In Philadelphia, approximately 150 individuals attended “The City We Want & Need: A Mid-Atlantic Regional Convening on Habitat III,”9 which was co-hosted by HUD’s Philadelphia and New York Regional Offices and the University of Pennsylvania’s Penn Institute for Urban Research and Perry World House. The event, which was held at the University of Pennsylvania on May 17, 2016, included three keynotes; three interactive panels; and closing comments from Nancy Stetson, the U.S. Department of State’s special representative for global food security and the lead U.S. negotiator on Habitat III.

In a keynote address, Amy Liu, vice president and director of the Metropolitan Policy Program at the Brookings Institution, emphasized the necessity of creating pathways to inclusive prosperity as a means to the successful implementation of the New Urban Agenda in the U.S. She showed how to align community and economic development to create quality jobs and neighborhoods by investing in innovation and inclusionary skills development. She noted that, even though the U.S. has achieved strong economic growth since 2009, the typical worker’s wages have actually declined in most U.S. metropolitan areas, a fact that has contributed to widening disparities in income.

Liu also said that some metros, epitomized by Philadelphia, are performing poorly with respect to lowering poverty and increasing social mobility. To counteract these trends, metropolitan areas must help workers adjust to the new realities of technology, globalization, and demographic change, an approach that requires strategic coordination of key systems — economic, social, and physical. Education, community development, and infrastructure must be aligned by public, nonprofit, and private entities at regional and community levels to create growth and opportunity. Liu cited several examples of such an alignment, including the Kentucky Federation for Advanced Manufacturing Education (KY FAME), Motor City Match in Detroit, i.c.stars and the Greater Chatham Initiative in Chicago, and the Baltimore Regional Housing Partnership.10 All of these programs encompassed skills development, job training, and housing development. Subsequent sessions at the event included Investing in People and Communities for Social Mobility, Securing Housing Options for All, and Responding to Change & Building Resilience.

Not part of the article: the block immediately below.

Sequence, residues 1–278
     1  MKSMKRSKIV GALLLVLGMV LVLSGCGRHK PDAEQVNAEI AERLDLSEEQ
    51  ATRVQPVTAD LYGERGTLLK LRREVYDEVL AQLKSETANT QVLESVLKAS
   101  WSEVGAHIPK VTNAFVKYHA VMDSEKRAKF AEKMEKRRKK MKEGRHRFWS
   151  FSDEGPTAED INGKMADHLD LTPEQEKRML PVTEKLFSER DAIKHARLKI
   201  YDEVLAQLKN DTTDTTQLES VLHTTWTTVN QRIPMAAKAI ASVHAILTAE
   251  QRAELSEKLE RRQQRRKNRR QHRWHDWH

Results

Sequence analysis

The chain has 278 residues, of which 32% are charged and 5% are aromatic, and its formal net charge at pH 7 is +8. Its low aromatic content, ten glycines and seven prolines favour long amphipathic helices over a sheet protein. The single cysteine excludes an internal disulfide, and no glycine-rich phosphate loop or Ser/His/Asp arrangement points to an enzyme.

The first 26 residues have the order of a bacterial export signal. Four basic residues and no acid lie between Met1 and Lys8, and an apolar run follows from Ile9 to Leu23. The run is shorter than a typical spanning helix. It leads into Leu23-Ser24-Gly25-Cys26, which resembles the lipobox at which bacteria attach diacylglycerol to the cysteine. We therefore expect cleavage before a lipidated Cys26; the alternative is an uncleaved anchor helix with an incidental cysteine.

In highlighting several local challenges to sustainable urban development, the speakers at the regional conference reminded the participants that, while the provisions in the New Urban Agenda will be universally applicable, localities will need to adjust their responses according to their unique conditions. For the Philadelphia region, decision makers will likely focus on pursuing critical issues of economic development, housing affordability, education, and resilience.

Read the original publication of the article on the Federal Reserve Bank of Philadelphia's website.